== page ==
Sohi: Confirm. I envisioned a space-conscious, well-oiled powerhouse on offense which would occasionally succumb to defensive vulnerabilities. However, I thought the problems would manifest themselves on the perimeter rather than the interior, at least to an extent. On that end, Redick and Dudley have been remarkably pleasant additions.
Vo: Confirm-ish. From a macro standpoint, the Clippers are as advertised: they have the fourth best record (13-7) in a loaded Western Conference. From a micro standpoint, Redick and Dudley have fit predictably well, but I miscalculated the impact of losing Eric Bledsoe. To be fair, Matt Barnes has been injured, so I’ll reserve harsh criticism of the bench (and myself).
5. One thing to watch in the next 21 games.
Buha: The team’s focus in first halves. The Clippers often start games lackadaisically and are either tied or trailing at the half. Then they flip the proverbial switch — around 70 percent of their games have featured major third-quarter runs in which they narrow the gap or take a big lead. It’s a bad habit and they’ll have to break it against elite teams.
Fischman: Pay attention to how the team deals with the absence of J.J. Redick. As Kevin Arnovitz noted after L.A.’s loss to Indiana Sunday, Redick is “one of the league’s most effective decongestants.” His outside shooting will sorely be missed, but without him the team will have to step up its frontcourt offensive flow, too. They need to avoid becoming predictable.
Frankel: How the offense adjusts without Redick. The pace will likely slow and there’ll be more offensive responsibility for Paul, Griffin, and Dudley with Willie Green now starting on the wing. How the Clippers adjust and whether or not they falter without Redick will be massive in this stretch.
Han: With Redick and Barnes out, and Dudley and Paul nursing sore knees and hamstrings, respectively, we can essentially rule out the starting lineup’s offensive flow, the bench’s defense acumen and the being able to evaluate the team in any big picture fashion. They’ll still win games, but it will be a lot of MacGyver tactics until everyone is back and healthy. Big-to-big rotate and recovers on defense, specifically DeAndre and Blake (and watch Griffin in pick-and-pop coverages), that’s realistically the only thing that we can observe night in and night out that will translate to the postseason.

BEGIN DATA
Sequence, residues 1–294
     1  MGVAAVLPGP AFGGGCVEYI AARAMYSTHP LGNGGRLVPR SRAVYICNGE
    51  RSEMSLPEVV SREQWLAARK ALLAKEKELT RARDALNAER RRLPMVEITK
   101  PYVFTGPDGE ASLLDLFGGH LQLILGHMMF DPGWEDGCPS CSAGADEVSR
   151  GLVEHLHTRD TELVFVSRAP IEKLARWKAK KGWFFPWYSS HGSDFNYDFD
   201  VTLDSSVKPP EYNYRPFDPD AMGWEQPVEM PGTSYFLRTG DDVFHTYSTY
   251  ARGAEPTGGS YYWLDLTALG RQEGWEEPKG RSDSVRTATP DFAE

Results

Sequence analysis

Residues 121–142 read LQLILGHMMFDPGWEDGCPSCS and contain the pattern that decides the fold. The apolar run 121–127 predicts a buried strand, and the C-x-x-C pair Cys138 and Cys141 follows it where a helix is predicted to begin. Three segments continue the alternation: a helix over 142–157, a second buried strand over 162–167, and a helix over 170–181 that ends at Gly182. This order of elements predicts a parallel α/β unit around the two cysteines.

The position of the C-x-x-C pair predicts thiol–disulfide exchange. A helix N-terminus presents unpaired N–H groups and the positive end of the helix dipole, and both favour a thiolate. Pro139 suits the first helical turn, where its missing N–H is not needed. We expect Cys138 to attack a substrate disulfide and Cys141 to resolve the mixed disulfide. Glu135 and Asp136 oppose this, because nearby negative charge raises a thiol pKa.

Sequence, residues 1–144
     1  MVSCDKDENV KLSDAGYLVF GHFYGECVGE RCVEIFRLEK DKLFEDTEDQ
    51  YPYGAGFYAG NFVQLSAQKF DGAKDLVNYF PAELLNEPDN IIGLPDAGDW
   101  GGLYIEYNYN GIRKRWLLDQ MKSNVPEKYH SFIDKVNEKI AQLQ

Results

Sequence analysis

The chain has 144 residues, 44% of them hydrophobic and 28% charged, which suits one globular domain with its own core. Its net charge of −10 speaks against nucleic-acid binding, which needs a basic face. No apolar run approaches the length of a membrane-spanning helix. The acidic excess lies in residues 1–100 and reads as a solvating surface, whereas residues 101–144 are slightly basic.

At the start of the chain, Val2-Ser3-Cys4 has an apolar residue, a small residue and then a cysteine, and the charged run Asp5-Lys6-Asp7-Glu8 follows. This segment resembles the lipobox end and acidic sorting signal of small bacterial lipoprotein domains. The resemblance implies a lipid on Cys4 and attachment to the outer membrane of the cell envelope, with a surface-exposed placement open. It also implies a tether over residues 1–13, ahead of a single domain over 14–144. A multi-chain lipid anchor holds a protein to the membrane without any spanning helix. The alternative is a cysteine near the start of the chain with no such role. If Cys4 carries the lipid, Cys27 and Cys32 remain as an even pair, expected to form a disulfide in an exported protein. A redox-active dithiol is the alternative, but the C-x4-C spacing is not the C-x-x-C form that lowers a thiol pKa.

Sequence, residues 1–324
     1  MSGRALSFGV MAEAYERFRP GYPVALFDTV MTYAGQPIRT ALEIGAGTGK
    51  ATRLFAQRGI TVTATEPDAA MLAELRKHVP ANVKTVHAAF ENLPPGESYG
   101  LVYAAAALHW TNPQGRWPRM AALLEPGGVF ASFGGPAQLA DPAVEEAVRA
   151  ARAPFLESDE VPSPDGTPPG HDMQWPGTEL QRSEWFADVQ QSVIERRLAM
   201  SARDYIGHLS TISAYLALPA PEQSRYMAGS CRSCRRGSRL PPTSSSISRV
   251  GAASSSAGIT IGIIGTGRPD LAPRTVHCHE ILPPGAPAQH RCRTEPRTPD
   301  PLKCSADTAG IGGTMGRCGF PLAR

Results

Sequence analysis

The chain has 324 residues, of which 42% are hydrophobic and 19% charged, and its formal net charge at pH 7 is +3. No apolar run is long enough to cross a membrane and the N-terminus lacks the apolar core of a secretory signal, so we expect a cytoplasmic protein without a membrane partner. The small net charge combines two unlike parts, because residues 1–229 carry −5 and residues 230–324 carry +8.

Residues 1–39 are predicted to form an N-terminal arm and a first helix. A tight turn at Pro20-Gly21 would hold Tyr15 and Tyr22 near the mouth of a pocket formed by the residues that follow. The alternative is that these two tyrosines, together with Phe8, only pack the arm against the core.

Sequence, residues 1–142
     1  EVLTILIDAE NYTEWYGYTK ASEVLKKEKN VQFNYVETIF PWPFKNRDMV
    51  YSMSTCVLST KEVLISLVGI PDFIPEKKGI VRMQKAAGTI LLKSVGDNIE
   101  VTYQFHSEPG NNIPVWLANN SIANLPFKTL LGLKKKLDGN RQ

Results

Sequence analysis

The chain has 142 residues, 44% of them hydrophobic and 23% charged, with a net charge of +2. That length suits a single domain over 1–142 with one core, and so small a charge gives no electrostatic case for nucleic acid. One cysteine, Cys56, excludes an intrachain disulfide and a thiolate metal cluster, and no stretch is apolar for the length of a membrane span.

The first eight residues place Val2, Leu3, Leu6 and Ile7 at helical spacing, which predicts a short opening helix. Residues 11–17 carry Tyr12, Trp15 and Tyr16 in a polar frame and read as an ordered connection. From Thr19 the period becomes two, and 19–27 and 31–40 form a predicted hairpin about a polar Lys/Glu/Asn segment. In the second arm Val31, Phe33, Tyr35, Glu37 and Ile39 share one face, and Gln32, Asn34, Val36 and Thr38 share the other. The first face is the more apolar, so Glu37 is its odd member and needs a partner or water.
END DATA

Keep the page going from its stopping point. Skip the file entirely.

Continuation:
Katz: How the Clippers handle their rotations without J.J. Redick. As much as I love Willie J. Green, I’m not convinced he can hold onto the starting shooting guard spot for the whole time Redick is out. Look out for Bullock to usurp that spot at some point in the next few weeks if he continues to improve.
Laubhan: Reggie Bullock is poised to emerge as a key contributor, in the Danny Green mold. With Redick and Barnes out, the minutes will be there for him. Will he seize the day? Is there a Staples Center picture banner in his future? Was he a steal for the Clippers at pick 25? The next 21 games will provide us some answers.
Rice-Leary: The trade deadline isn’t until February 20th, but the Clippers should be looking to make some crucial decisions soon. The back-up big man situation is in dire need of help, the team is just over the cap, and how that quandary is addressed by Clippers’ brass will be all sorts of telling about the direction of this team.
Sohi: Griffin and Jordan’s team defense. Forget the surrounding factors. Paul, Griffin and floor spacers ignite a heady offense. The Western Conference is too talented for the continued missteps both big men make, however. Hot sports take this: The Clippers’ fate lies in their frontcourt rotations.
Vo: Minutes allocation. Whether correlated or not, the Clippers have struggled with injuries during their last two playoff runs, so I’m curious how Jordan, Griffin, and Paul respond to their increased playing time. I’m also interested in how Doc will allocate those Redick minutes among Collison, Crawford, Bullock, and Green, especially if Bullock emerges as a consistent option.